VATICAN CITY —
The Vatican library began a project on Thursday to digitize thousands of historical manuscripts, dating from the origins of the Church to the 20th century, and make them available online.
Working with the Japanese technology group NTT Data, the library intends to scan and digitally archive about 1.5 million pages from the library's collection of manuscripts, which comprises some 82,000 items and 41 million pages. The initial project will take four years and may be extended.
The Vatican library dates from the late 14th century and forms one of the world's most important collections of historical documents. It includes 1.6 million books and large coin and picture collections as well as its manuscript archives.
"The manuscripts that will be digitized extend from pre-Columbian America to China and Japan in the Far East, passing through all the languages and cultures that have marked the culture of Europe," said Monsignor Jean-Louis Brugues, archivist and librarian of the Holy Roman Church.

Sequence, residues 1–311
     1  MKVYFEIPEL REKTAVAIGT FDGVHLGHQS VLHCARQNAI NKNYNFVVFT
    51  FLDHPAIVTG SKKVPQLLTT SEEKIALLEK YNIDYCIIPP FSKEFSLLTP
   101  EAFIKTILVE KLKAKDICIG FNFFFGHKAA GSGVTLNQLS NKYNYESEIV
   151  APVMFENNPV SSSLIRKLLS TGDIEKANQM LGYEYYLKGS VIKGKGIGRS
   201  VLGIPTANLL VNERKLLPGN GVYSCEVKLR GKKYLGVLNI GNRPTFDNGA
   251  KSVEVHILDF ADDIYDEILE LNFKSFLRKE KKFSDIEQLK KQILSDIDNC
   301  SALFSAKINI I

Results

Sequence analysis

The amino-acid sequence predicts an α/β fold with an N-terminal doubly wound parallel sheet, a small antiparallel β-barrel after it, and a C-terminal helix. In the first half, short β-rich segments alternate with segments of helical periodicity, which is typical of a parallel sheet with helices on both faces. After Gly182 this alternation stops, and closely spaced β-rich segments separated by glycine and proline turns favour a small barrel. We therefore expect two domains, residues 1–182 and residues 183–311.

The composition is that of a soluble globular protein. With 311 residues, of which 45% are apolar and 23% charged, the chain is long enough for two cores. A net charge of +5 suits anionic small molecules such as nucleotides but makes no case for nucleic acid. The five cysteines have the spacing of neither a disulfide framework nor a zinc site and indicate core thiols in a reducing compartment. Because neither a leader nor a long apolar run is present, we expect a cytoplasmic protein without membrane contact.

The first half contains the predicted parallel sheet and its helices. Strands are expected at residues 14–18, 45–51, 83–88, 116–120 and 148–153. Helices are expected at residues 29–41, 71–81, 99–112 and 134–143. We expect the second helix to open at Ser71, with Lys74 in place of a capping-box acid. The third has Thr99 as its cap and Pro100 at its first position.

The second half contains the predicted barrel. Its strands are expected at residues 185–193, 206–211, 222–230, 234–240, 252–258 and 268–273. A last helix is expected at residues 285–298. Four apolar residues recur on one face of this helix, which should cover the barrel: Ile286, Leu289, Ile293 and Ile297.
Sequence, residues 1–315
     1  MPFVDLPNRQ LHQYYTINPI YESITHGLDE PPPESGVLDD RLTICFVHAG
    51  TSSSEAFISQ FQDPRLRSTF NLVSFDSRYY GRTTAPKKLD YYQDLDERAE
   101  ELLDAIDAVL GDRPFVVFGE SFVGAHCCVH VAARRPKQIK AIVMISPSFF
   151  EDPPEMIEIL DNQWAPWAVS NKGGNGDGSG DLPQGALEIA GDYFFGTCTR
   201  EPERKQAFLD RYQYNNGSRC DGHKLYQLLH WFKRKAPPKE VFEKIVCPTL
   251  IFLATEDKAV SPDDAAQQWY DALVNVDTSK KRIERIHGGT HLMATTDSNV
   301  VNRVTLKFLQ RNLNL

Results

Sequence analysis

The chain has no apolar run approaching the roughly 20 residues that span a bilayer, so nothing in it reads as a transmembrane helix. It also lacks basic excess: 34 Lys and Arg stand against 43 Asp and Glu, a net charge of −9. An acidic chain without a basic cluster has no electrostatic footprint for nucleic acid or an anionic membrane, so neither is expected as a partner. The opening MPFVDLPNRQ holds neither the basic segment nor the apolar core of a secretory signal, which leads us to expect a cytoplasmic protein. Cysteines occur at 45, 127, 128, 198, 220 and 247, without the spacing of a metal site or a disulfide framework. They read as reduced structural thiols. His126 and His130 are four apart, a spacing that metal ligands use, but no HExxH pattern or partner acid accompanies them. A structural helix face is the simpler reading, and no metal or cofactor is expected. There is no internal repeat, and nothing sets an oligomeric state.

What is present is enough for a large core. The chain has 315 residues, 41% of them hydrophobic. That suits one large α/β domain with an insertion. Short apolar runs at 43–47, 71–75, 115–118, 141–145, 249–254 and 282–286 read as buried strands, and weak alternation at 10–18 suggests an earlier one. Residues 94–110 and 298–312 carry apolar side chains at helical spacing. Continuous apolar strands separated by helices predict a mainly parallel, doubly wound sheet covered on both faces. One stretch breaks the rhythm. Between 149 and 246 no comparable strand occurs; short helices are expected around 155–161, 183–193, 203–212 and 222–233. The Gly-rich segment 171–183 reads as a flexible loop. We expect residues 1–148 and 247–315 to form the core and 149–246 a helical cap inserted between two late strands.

The library will use NTT scanners to record the manuscripts and archive software to manage the collection. Technicians from the Japanese company will work alongside Vatican librarians.
"At the end of the four years, the involvement of NTT could lead to a further phase of engagement which could cover the entire collection," said Monsignor Cesare Pasini, prefect of the library.
NTT is donating the equipment and the work of its technicians. The initial phase of the operation, worth some 18 million euros ($25.04 million), is expected to cover some 3,000 handwritten documents over a four-year period, NTT said.
($1 = 0.7189 Euros)